KRAUTHAMMER:  Well, if the Democrats decide to filibuster, there will be a nuclear option.  I guarantee you.  Mitch McConnell is not going to allow this nomination to go down.  Now, perhaps, the Democrats will decide that a filibuster in this case is not worth it.  After all, it is a 1 for 1 substitution for Scalia.  They want to hold their powder for the next one, which could be the replacement for a liberal, a Democrat on the court.  In which case, it would shift the balance of power dramatically for decades.  And that could be the one which they want to have a massive fight.  But I don't see any way that McConnell will back down on this.  After all, he stood up to a lot of heavy incoming fire by holding up the Merrick Garland nomination, which I think was exactly the right move.  He held it up against all conventional wisdom, against liberal opinion, media opinion, and obstructionists.  He took all of the slings and arrows.  And he turned out to be right, because the people got to choose Supreme Court nomination was high on the agenda of the voters.  And they are getting to choose through Donald Trump.  

So, I don't see him allowing any of these to fail.  It is up to the Democrats, to Chuck Schumer, to decide if he wants to go to the nuclear option or not.  And the beauty of it, sort of the pleasing part for conservatives, like me, is the poetic justice of the fact that it was the Democrats when they had the majority, it was Harry Reid who changed four decades of custom to abolish the filibuster for judicial nominations below the Supreme Court.  Once he had done that, ripped up the principal, ripped up the norm, abandoned a precedent, there is no reason in the world why Republicans shouldn't and won't do the same if the filibuster is threatening to hold up a Republican nominee for Supreme Court.  

MACCALLUM:  You make a great point, Charles, because in many ways, this is potentially the first of two picks that Donald Trump will make.  There is a lot of strategy involved in that, for the Democrats and for the Republicans, in terms of shifting the balance of power in the Supreme Court.  So, this pick, as you point out, is 1 for 1.  It's a conservative replacement for Antonin Scalia for the next time around, it could be Ginsberg or Breyer or Kennedy.  That is another possibility.  Some people believe that he has suggested that perhaps he would consider retiring.  That is a big question.  It's a two part story, is it not?  

KRAUTHAMMER:  Well conservatives justices generally wait for Republican administrations.  They are near retirement, because they don't want to see their seat swing over to the other side.  The same with liberal justices and I think many liberals are rather upset with Ruth Bader Ginsburg, who is now, I believe, 83, for not having stepped down when they had a Democrat in the house.  

MACCALLUM:  Charles, thank you very much.  We want to go to Shannon Bream, who is also standing by.  She is been covering the story from the steps of the Supreme Court throughout the day.  Shannon your thoughts, as we are just minutes away, we believe, from this announcement.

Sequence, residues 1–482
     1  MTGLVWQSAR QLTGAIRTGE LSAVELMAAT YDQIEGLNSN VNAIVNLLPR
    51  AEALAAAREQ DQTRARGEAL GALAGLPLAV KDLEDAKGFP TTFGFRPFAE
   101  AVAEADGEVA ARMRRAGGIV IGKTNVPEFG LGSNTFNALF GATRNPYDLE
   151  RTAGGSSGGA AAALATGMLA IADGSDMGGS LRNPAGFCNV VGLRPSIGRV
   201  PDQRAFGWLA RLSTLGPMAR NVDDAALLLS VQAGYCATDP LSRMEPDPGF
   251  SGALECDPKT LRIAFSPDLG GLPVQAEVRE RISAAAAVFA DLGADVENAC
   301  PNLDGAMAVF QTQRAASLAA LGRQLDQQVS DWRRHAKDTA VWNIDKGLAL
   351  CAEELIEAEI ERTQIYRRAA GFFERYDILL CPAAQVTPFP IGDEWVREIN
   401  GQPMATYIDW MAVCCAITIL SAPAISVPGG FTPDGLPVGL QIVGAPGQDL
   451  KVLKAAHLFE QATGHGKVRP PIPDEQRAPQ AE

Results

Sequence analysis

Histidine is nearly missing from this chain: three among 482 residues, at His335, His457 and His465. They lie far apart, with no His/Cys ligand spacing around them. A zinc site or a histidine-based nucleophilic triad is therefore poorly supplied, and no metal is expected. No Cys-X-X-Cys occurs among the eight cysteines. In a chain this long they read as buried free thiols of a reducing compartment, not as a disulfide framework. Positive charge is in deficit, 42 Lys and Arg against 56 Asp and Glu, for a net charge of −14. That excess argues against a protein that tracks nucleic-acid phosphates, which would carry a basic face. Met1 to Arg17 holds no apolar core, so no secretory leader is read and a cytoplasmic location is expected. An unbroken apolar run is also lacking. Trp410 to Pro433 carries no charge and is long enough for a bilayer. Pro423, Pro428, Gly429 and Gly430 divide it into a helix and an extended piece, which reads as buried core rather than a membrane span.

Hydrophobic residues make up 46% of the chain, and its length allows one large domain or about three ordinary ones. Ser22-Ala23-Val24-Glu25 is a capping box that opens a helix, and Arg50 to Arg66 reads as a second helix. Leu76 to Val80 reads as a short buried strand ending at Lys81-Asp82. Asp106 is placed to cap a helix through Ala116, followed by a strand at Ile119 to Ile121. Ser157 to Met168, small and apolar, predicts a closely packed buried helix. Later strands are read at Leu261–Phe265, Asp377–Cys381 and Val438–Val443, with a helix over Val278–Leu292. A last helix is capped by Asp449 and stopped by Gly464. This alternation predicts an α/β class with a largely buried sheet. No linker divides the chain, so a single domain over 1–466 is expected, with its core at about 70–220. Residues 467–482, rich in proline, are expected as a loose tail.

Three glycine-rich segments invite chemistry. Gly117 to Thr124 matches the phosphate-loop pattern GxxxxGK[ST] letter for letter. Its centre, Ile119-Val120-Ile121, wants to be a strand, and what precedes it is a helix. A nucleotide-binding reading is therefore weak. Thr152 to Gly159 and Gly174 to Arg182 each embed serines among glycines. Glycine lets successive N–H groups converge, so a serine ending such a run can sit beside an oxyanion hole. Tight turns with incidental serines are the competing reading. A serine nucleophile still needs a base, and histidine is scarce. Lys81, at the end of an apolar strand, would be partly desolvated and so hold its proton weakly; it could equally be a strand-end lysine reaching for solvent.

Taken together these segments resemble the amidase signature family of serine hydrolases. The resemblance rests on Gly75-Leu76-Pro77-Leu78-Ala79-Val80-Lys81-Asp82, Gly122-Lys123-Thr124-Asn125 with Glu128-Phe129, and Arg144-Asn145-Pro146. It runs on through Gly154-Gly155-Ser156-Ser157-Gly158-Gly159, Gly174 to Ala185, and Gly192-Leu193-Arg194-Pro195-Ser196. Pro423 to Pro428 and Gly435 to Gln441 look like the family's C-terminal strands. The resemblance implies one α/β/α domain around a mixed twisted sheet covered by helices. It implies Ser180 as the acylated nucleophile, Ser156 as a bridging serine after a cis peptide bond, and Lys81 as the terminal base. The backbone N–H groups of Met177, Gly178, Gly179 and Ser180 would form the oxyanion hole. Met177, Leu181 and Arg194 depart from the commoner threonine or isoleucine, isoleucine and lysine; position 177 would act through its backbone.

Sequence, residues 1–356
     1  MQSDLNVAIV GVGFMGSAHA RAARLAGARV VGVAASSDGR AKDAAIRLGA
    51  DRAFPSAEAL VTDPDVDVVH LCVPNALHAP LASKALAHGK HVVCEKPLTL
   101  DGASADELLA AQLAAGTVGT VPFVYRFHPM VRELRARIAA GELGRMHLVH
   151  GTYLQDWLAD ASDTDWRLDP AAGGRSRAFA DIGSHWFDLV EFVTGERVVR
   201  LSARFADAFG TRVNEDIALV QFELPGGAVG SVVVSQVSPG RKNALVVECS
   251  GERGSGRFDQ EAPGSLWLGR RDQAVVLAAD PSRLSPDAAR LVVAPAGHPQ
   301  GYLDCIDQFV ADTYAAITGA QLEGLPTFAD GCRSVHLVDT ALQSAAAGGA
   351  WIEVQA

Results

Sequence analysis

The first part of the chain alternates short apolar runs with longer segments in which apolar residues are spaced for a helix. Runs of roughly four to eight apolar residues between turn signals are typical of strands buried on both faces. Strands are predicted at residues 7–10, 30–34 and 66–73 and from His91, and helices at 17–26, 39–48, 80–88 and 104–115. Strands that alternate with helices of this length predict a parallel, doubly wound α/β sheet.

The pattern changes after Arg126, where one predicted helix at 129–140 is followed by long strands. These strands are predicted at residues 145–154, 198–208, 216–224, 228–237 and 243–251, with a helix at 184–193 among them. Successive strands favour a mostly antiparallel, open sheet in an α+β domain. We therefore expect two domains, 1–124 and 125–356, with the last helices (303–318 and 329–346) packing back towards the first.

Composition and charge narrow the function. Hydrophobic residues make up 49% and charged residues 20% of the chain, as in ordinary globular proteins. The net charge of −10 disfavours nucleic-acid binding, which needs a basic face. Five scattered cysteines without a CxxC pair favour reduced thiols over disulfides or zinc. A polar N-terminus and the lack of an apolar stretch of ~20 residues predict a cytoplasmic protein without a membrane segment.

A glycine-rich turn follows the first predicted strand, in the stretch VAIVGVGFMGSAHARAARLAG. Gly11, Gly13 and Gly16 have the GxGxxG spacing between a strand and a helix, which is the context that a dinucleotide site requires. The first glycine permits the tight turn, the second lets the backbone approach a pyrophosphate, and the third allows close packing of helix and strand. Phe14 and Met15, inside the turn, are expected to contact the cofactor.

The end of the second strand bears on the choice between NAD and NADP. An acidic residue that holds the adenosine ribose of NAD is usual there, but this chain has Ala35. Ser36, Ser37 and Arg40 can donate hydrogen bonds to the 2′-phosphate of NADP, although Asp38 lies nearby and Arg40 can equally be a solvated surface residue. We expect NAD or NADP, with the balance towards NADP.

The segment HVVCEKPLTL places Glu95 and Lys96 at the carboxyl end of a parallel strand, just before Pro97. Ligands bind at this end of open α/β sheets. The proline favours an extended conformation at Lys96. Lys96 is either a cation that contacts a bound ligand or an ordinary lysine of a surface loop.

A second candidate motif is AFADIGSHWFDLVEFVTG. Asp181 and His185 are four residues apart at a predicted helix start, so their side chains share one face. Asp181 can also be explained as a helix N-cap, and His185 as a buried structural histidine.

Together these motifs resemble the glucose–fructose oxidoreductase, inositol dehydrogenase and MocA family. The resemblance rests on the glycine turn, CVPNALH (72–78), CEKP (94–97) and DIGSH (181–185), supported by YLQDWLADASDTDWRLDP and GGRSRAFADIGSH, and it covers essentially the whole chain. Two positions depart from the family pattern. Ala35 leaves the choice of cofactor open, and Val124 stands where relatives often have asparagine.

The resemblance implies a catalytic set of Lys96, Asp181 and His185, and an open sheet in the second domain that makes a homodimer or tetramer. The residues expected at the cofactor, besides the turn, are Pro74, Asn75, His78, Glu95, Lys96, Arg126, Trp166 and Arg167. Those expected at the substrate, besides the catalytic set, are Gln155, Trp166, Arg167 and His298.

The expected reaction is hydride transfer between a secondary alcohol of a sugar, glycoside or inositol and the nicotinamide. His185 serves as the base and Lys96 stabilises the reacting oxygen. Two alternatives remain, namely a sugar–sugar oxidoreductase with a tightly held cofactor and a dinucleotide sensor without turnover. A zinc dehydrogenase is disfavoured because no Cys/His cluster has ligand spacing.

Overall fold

SHANNON BREAM, FOX NEWS:  Martha, if we do get judge of Neil Gorsuch as a nominee, it is going to be a home run for conservatives.  He is somebody who would he was attending Columbia in the 1980s, he started cofounded a paper called "the fed," it was supposed to push back against what he viewed as the pc feeling on-campus, the culture there.  He is somebody who has strong conservative credentials, routes that run very deep.  His mother was the first female head of the EPA during the Reagan administration.  And those close to him say that she remembers the battles that she took on with the liberals just came after her and savage her.  He knows of this confirmation will be about.  In fact he has talked about how confirmations have become so political and they have become blood to sport almost.  If he is a nominee, he knows what he is walking into.  He is somebody also in addition, having clerked here at the Supreme Court.  He worked in the Department of Justice.  He is well known by people and the Bush 43 administration for his work in the DOJ.  He is not an unknown entity. He has had years on the bench.  He has got a lot of opinions out there, people have been able to look at is paper trail.  He got that sterling credential of Columbia Harvard and Oxford.  You got Judge Hardiman as the other top contender.  We are told -- who is somebody who went to Notre dame in Georgetown, drove a taxi to help him put himself through school.  He is a personal connection to the president.  That he serves on the same bench as the president's sister, who is a judge also in the third circuit.  He also is strong conservative credentials.  He has talked about how judges, it is not their place ever to insert their own politics or feelings, you stick to the fact, you stick to the law, that is what conservatives like to hear. We will know and minutes, Martha.  

MACCALLUM:  We will.  Shannon, thank you so much.  We will be watching this throughout the course of the evening, of course.  President Trump is about to walk down that red carpeted hallway and make his announcement for his Supreme Court pick.  It's a big moment for him, to be sure.  And something that he and his team have put quite a bit of thought into Antonin Scalia's seat has had open for nearly a year now, the announcement just moments away, Bill O'Reilly, coming up next.